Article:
Beloved WPA-Built Public Pool at the University of New Hampshire is Threatened
The pool has provided a place for community members to cool off for 75 years.
“Magical” is how Kenny Rotner, a Durham, N.H. resident for 27 years, describes the outdoor pool at the University of New Hampshire. Built in 1938 by Civilian Conservation Corps workers and funded by the WPA, the roughly 44,000-square-foot body of water is one of the oldest public pools in the nation. With a floor of quarried local granite flecked with green and silver, the space has served as a one-of-a-kind spot for swimming lessons, socializing and summer fun for generations.
Recent concerns about whether the pool adheres to modern safety standards, however, have caused the University of New Hampshire to announce possible plans to dismantle it, pitting preservationists and community members against the UNH administration.
“It’s a small town, and people don’t often come out for things,” Rotner, a local doctor whose daughter learned to swim at the pool, explains. But the possibility of losing the beloved recreational facility and gathering place struck a nerve with Durham residents, inspiring letter-writing campaigns, fundraisers and sit-ins.
This past fall, the pool was named to the New Hampshire Preservation Alliance’s Seven to Save list, and Rotner and other members of the Friends of the UNH Pool, or FUNHOP, hope that it will receive a historic designation from the state in the near future.
Erika Mantz, director of media relations at UNH, explains that the university is still in discussion with the town of Durham about whether to update the current facility (which the town would be financially responsible for,) or replace it with a new pool, which would be a third of the size of the current swimming space.
"With cost estimates, it's not something the town could take on," Rotner says of the financial burden of giving the pool an upgrade. A recent review by the Department of Environmental Services (which regulates and monitors public pools in the state) outlined ways in which the pool could be updated, but didn't recommend its closure.
While UNH has cited concerns about the safety of the pool's water circulation and filtration systems, it has also stated that the swimming facility's dark bottom makes it difficult for lifeguards to monitor. Mantz says that the university’s legal counsel and insurers have advised them against continuing to operate the facility without modernizing it.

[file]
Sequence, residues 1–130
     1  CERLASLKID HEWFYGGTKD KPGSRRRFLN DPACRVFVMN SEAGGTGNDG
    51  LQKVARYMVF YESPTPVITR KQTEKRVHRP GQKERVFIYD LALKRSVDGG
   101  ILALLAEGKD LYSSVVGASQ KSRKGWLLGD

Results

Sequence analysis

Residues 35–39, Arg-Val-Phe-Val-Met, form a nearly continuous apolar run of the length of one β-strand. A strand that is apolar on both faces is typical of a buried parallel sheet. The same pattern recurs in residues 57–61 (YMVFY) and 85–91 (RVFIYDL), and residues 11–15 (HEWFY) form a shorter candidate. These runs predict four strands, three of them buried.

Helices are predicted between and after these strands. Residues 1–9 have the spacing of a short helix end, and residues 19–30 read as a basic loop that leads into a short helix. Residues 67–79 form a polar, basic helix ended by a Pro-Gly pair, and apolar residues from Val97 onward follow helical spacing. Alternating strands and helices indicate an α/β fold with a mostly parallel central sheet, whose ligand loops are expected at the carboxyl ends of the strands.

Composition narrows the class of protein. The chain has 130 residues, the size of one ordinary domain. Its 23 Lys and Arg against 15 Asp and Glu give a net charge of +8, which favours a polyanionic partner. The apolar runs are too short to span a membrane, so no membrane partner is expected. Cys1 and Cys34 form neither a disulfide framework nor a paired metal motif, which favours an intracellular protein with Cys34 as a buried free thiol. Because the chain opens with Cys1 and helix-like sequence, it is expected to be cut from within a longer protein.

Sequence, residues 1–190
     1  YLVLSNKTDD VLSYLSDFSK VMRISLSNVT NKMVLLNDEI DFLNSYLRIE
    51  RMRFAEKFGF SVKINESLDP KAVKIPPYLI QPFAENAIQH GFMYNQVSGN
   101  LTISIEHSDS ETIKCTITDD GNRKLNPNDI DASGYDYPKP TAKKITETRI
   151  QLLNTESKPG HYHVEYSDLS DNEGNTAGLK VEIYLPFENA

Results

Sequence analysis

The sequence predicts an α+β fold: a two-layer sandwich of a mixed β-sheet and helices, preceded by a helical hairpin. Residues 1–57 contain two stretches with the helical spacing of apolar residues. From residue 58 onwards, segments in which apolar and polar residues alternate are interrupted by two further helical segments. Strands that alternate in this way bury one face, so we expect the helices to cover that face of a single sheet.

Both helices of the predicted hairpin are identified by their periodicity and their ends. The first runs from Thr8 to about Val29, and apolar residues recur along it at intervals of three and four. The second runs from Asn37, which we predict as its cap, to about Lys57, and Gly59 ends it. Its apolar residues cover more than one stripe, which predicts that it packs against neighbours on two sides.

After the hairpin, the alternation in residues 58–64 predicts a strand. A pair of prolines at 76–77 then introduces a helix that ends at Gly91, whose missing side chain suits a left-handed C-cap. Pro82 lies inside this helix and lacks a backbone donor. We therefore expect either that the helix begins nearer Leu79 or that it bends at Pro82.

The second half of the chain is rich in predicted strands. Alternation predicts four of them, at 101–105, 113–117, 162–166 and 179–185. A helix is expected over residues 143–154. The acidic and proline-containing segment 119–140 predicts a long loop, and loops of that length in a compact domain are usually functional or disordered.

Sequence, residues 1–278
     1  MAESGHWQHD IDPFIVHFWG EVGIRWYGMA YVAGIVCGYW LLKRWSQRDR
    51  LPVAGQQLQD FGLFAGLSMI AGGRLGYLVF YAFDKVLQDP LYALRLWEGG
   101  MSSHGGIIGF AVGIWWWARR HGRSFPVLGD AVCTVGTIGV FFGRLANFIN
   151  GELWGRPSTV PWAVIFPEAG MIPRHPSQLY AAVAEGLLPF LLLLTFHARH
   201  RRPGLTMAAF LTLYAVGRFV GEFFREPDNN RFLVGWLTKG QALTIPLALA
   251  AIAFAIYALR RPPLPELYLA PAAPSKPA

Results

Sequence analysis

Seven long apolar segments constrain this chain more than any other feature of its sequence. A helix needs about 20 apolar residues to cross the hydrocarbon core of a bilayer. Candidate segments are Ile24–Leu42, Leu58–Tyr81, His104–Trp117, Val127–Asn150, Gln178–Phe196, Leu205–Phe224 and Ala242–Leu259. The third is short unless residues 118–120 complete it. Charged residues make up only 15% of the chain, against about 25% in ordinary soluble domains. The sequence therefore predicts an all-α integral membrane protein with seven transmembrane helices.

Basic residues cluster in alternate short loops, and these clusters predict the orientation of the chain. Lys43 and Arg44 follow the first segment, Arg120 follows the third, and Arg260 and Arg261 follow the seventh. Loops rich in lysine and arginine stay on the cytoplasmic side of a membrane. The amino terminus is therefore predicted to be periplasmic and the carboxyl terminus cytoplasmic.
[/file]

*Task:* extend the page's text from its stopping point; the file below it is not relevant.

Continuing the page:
Dismantling the pool would also free up space for expansion of the campus's Hamel Recreation Center, and some FUNHOP members have voiced skepticism about whether the university is blocking preservation efforts for that purpose.
When UNH made its initial announcement late last June, Rotner and community member Dudley Dudley organized a group of pool lovers to speak at a town council meeting urging the council to take action to encourage the university to keep the public space open, and the FUNHOP group was born.
Rotner is also a member of a working group formed by the university to attempt to foster dialogue with both sides. The pool's future remains uncertain, but as of right now, it won't open for the 2014 swimming season.
“The pool really serves as our town center,” Rotner explains. “That’s where our kids learn to safely swim, where people make friends, where people reconnect and talk about the issues of the day.”
“The important thing to recognize is how many people have been involved with our FUNHOP movement," he continues, despite what the outcome may be. “All of us would be disappointed if we didn’t have this pool. The dedication and commitment just reaffirms my sense of the value of community and the good in people. It’s really been a full community effort.”